Scripture warns the Christian against quarreling over words. Scripture tells us quarreling over words is of no value and even RUINS those who listen.

I haven't been involved in any recent debates, arguments or quarrels, regarding the words in the Bible. Perhaps, I've been involved in discussion with other Christians about interpretation. Usually, I do this with people who are members of my Church and those discussions occur with respect and love for one another, I wouldn't term them as arguments.

I've not involved myself in any "group" discussions on the topic either. Apparently, there has been a misunderstanding of some kind.

This blog entry didn't even broach the topic of Christianity as pertains to the government and wasn't intended to, though I do agree with the anonymous poster here that we should have freedom OF religion, not FROM religion in these United States.

Maybe I didn't articulate my point well enough?

I'm not interested in arguing with people about my faith. I believe that sharing the gospel of Christ is what a Christian is called to do, not argue about words and there certainly seems to be plenty of that going on in the world today. I don't think my participation will be missed in that regard.

tom said...

then you have missed my point entirely. You and I both believe there is a GOD and that the Bible is the "rule book" to living a good life. This we agree on, my point was that just because we believe doesn't make us any better then someone who doesn't believe. I hate to say it but I actually know people who have never attended a church service and the live a more moral life then some Christians I know.

In many ways you have taken what I said and directed the response to yourself personally which was never my intended point. I was speaking in broad terms not of individual cases.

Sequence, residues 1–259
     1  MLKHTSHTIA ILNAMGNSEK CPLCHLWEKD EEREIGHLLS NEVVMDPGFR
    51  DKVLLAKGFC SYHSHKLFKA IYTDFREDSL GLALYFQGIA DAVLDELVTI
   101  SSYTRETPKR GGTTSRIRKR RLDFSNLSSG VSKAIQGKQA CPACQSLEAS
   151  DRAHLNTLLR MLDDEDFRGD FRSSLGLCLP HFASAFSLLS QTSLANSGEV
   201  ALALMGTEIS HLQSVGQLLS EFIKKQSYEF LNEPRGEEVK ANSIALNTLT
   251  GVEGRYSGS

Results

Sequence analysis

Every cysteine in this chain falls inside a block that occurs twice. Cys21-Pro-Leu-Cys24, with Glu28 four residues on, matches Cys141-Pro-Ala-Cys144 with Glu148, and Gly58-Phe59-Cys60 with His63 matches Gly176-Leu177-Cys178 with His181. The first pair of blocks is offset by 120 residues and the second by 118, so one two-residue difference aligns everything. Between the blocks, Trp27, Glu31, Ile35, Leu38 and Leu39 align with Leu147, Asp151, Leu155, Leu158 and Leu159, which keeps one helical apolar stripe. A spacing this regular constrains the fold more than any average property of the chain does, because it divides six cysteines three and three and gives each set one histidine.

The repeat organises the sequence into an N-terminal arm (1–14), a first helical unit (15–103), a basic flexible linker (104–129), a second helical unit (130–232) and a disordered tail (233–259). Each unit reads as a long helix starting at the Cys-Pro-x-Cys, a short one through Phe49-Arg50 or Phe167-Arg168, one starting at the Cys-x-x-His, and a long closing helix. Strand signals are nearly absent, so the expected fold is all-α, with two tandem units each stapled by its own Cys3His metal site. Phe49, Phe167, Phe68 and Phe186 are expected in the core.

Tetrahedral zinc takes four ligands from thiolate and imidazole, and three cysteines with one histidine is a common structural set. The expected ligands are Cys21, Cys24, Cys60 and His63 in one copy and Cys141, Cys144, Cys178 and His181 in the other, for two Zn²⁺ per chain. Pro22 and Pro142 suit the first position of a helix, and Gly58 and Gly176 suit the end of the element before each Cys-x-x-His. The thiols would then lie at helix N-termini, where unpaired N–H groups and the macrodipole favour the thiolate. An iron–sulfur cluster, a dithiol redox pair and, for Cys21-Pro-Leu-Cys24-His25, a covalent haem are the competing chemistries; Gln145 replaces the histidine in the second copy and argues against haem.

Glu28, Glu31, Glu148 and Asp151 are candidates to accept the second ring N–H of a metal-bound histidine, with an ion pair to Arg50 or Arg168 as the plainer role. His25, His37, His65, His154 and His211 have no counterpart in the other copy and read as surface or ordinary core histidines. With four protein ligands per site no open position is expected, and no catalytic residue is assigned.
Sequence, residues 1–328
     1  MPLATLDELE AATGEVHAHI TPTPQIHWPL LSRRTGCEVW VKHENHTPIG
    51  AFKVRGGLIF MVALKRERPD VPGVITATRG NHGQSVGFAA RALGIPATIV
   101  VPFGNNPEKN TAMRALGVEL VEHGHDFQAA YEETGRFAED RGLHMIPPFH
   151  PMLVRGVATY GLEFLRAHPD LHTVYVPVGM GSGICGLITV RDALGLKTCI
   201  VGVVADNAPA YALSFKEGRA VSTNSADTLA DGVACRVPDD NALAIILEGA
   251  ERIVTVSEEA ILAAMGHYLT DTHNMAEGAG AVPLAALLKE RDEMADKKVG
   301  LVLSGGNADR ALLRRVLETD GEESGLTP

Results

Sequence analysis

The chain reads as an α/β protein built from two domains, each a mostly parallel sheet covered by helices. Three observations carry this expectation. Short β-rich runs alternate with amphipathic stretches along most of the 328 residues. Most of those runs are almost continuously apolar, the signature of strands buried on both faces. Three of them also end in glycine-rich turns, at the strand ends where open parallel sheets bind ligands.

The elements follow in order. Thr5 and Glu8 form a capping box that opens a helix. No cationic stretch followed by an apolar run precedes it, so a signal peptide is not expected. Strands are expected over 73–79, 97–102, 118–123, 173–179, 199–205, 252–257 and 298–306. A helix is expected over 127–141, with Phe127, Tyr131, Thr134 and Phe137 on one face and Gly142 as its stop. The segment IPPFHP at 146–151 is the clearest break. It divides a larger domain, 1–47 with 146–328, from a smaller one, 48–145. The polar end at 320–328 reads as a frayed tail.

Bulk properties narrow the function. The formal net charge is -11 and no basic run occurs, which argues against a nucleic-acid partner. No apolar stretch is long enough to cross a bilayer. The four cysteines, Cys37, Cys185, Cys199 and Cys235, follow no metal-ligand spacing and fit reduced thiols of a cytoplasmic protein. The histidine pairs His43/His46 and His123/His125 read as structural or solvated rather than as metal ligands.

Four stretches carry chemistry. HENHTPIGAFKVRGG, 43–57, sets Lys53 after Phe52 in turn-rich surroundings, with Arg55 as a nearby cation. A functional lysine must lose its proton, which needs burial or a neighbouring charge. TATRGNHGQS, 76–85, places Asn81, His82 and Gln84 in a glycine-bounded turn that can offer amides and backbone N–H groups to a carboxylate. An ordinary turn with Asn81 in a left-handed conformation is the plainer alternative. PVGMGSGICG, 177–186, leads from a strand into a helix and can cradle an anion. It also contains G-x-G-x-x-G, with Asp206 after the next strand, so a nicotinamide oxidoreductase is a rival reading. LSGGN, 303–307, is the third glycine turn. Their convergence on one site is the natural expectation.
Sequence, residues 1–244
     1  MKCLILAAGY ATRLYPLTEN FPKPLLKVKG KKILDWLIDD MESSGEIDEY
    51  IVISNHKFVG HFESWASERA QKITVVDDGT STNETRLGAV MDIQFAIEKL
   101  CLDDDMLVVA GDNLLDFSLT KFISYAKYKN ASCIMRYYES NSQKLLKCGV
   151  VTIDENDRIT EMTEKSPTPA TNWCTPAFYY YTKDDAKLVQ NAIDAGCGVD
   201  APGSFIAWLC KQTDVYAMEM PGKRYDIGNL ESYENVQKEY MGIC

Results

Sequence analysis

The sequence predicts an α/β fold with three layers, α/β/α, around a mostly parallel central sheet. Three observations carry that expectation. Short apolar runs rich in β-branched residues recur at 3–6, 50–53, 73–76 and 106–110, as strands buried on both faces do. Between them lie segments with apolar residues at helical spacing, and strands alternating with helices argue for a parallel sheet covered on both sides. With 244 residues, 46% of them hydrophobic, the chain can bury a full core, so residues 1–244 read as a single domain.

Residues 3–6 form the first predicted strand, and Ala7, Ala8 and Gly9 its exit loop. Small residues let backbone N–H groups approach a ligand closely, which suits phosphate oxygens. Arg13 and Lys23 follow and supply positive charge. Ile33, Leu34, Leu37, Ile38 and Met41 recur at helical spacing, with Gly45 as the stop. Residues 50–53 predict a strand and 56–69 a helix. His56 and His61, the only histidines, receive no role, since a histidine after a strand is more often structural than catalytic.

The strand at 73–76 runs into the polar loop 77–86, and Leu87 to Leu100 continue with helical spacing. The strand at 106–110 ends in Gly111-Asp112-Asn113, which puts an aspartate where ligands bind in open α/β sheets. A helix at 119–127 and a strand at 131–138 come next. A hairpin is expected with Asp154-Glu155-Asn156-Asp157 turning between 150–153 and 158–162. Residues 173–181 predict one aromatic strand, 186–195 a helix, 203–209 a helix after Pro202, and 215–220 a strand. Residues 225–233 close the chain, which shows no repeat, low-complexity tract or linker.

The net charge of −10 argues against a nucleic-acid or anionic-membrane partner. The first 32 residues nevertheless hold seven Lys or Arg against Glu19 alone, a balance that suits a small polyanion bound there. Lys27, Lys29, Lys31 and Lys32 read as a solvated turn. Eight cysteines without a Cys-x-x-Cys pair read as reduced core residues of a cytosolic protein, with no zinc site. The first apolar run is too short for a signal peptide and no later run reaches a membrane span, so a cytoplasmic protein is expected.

Cherie Kail said...

I think you both make excellent points. I have a firm grounding in faith, but I also believe that it does not set me above anyone else. Rather, by acting outwardly on my faith, my public displays of love for Christ, I think that should hold my feet to more of a servant's fire. To me, it seems, the more openly devout in faith one is, the higher he/she must raise their own beacons to be aware of how they act, think, speak. And, of course, I would want a leader to have faith, because that is a form of expressing that they are reliant on others for accountability and that is a necessity.
In fact, I just wrapped up another remarkably great chapter in Arthur Brooks’ new novel “Gross National Happiness” in which the second chapter is about happiness and religion as they relate to one another. It’s well worth reading and I’d be more than happy to write a thorough analysis. Suffice it to say, in relation to the events that have taken place in Springfield lately, this country is morally deficit. Here is a fantastic excerpt:
“Some might argue that allowing the Ten Commandments in the courthouse itself amounts to a kind of de facto establishment of Christianity and Judaism. To this objection I say our government should only be too pleased to add the symbols of justice from other faiths as well. For the sake of happiness, our government should promote a heterogeneity of faiths and encourage the reasonable expression of all of them. Constitutional law is not simple or transparent, and those organizations calling for suppression of religion in any context related to government may convince courts and judges they have the Constitution on their side. What is apparent, however is that they do not have happiness on their side. They make our life less satisfying and when it comes to our faith we were truly granted “FREE EXERCISE THEREOF.”
I only wish I had written that, but it’s a slight bit of how I truly am compelled to think.